For a small, but growing minority of travellers to North America, it’s a well-kept secret way to avoid the crush and the customs queue when you enter the country the normal way at Los Angeles international airport.
By comparison, greater Honolulu is a big country town (population roughly the same as Adelaide) and, compared to LAX, the airport is a breeze to get into and out of, and using Hawaii as an alternative entry point doesn’t add significant time in the air as many routes to north America from Australia pass close to the islands.
Added to the attraction of entering the States by the backdoor is that the hometown carrier, Hawaiian Airlines, is highly rated for its simple full-service business and economy cabins and wins the prize almost every year for North America’s most punctual carrier.
After years as an airline from America’s sleepy hollow, Hawaiian began growing rapidly three years ago with a raft of new international destinations in Australasia and Asia.
“Going back to 2010, less than 10 per cent of our revenue was international,” says Hawaiian’s chief commercial officer Peter Ingram, who spoke to Travellers' Check from Honolulu on Saturday. “We had three flights a week to Sydney and four to Manila, but most of our business was either North America to Hawaii or flying within the islands of Hawaii.
“As we’ve grown over the past couple of years, international has grown to about a third of our revenue.”
Through most of the 1990s, there was not a single direct flight between Australia and Hawaii, whereas in the 1980s, when old generation planes had to stop in Honolulu for fuel en route to Australia, there were several a day.
With the introduction of the ultra-long-range Boeing 747-400 in 1989, big planes (and not just the smaller and relatively uneconomic Boeing 747SP flown non-stop across the Pacific by Qantas and Pan Am in the 1980s) were able to fly non-stop from Los Angeles to Sydney, Melbourne, Brisbane and Auckland for the first time and the option of a tropical holiday en route to and from mainland disappeared.
The large market that had built up over decades for Australians wanting to holiday in the Hawaiian islands was suddenly left high and dry overnight, so Hawaiian re-introduced three flights a week in 2004. Soon after, both Qantas and Jetstar added Honolulu to their networks.
“We saw that as an opportunity to rekindle some of that affection for Hawaii,” says Ingram. “It certainly helped that the strengthening of the Australian currency over the last several years has meant that, with strong economy at your end, the United States and Hawaii have been a much more accessible destination than maybe it was 10 years ago.”
Apart from its inter-island services, Hawaiian flies to 10 cities on the western US mainland – Seattle, Portland, San Francisco, Oakland, Sacramento, San Jose, Los Angeles, San Diego, Las Vegas and Phoenix – and last year launched its first daily non-stop from Honolulu to New York’s JFK airport, which connects with flights from Sydney and Brisbane, although it requires a stopover on the return journey.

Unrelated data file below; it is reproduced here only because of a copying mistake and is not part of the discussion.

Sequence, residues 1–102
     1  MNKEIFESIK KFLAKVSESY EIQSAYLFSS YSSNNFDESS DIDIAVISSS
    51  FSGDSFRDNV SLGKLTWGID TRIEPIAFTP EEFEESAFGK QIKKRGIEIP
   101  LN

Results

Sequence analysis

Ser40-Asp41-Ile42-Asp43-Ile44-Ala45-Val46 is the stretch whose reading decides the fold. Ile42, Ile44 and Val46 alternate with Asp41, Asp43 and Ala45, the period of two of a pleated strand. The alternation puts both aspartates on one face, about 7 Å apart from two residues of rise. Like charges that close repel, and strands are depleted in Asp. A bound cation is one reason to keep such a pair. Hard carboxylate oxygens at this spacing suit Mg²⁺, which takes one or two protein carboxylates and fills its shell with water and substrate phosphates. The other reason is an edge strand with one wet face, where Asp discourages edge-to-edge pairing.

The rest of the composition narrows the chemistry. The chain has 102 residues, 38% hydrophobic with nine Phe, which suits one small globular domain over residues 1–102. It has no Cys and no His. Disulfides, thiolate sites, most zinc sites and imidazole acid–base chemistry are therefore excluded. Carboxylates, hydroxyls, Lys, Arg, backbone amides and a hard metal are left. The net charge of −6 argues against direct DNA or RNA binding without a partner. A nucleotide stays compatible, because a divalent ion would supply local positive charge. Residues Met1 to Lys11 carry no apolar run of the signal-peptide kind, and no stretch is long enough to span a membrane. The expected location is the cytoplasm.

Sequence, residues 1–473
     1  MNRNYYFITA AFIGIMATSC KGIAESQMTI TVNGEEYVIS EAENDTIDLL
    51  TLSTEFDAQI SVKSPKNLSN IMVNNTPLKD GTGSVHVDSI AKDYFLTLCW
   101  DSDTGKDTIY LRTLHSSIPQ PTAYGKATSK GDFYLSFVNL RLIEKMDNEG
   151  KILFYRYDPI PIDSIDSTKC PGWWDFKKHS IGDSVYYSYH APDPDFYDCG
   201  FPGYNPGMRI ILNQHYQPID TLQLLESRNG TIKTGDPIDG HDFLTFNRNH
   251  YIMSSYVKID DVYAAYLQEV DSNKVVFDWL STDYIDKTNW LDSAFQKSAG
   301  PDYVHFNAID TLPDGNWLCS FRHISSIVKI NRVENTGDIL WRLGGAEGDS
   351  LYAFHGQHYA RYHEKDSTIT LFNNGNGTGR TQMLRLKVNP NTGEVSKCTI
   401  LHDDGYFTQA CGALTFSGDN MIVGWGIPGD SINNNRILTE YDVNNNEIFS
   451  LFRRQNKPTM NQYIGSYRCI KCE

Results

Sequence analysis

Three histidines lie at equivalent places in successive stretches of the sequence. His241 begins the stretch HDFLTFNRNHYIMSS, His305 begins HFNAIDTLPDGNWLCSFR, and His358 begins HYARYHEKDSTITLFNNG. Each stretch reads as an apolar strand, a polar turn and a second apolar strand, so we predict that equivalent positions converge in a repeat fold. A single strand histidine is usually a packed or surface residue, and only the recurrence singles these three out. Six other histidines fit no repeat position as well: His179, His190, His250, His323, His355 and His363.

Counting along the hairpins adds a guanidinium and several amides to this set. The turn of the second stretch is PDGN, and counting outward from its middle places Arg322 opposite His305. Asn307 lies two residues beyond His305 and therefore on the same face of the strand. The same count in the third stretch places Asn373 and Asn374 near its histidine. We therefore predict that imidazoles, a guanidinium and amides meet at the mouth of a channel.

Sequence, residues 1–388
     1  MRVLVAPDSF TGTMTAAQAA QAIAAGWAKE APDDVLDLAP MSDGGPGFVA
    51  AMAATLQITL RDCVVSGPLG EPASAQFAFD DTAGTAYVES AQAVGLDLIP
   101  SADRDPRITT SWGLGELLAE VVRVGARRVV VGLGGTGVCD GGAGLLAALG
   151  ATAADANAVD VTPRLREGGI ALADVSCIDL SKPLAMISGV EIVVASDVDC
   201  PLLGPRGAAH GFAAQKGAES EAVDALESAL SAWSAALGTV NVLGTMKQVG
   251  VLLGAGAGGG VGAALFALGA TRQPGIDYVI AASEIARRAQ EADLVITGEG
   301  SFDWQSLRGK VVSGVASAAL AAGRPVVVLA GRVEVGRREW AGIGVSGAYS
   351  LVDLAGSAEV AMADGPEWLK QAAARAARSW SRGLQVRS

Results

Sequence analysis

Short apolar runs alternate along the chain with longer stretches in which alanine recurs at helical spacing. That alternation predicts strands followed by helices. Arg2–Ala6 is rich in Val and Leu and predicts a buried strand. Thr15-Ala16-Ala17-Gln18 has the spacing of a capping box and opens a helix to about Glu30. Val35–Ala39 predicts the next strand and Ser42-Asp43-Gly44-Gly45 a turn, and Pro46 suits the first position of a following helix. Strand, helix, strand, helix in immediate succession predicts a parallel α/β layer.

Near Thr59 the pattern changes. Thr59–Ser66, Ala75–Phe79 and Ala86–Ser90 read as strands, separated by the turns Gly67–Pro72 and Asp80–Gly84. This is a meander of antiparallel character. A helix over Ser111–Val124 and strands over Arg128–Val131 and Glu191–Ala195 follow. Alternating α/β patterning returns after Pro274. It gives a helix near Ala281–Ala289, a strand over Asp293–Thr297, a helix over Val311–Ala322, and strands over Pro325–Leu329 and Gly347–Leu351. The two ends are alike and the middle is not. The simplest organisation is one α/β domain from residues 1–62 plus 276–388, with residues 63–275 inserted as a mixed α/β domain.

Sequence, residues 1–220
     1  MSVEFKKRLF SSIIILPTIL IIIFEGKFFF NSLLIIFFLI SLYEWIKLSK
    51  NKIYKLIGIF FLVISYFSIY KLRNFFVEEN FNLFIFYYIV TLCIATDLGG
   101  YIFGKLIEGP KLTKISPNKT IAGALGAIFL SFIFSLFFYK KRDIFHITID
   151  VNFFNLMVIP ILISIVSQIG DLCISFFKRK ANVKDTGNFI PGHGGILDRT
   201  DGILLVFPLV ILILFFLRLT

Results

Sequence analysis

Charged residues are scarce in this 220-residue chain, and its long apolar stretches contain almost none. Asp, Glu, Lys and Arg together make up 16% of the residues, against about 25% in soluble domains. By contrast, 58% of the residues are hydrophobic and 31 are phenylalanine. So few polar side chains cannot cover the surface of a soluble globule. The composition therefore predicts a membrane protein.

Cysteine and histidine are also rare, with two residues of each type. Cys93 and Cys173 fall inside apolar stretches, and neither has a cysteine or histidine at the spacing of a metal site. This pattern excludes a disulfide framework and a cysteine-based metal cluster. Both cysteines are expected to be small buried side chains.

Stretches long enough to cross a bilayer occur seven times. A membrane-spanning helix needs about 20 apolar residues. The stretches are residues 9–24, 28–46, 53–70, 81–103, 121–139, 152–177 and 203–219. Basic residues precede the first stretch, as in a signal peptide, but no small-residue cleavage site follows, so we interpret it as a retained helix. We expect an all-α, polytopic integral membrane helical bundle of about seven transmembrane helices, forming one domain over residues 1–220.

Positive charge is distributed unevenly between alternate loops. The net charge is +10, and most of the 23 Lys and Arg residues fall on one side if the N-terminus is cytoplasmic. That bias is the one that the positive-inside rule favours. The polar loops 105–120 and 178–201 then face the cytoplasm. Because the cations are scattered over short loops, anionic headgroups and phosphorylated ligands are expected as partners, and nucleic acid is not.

Compared with the cheapest seats to New York, the Hawaii option is generally $200-$300 dearer for a return ticket, with low season rates starting at about $1750 return from Sydney.
“As we grow our business internationally, to Australia, to New Zealand and to Asia, it has been an important extra benefit of what we provide to be able to give that connectivity and, also for a lot of people to be able to do multi-destination trips: you can spent some time in Hawaii, you can spend some time in Las Vegas or Los Angeles on one trip and you can do it all on Hawaiian Airlines,” says Peter Ingram.
I’ve flown on Hawaiian – a single red-eye overnight trip from Honolulu to Los Angeles about six years ago when flying to Hawaii with Jetstar was the only way of entering the US cheaply (an advantage that has since been usurped by increased competition to Los Angeles) – and rate the airline one of my favourite two North American carriers along with low-cost carrier Southwest.
Perhaps the key to Hawaiian’s appeal is that Hawaii is a holiday destination and the airline therefore does not have a pre-dominant business focus.
“We’re focused on leisure, whereas for a lot of our big network competitors, leisure is a byproduct,” Ingram says. “For us, leisure is the product.”
Would you travel to the US via Hawaii if it meant avoiding LAX? Does it stack up economically or does the compulsory cost of accommodation in Hawaii in at least one direction negate the benefits? What have your experiences of entering the US been like? Have you been stuck in queues, subject to invasive searches or delayed? Post your comments below.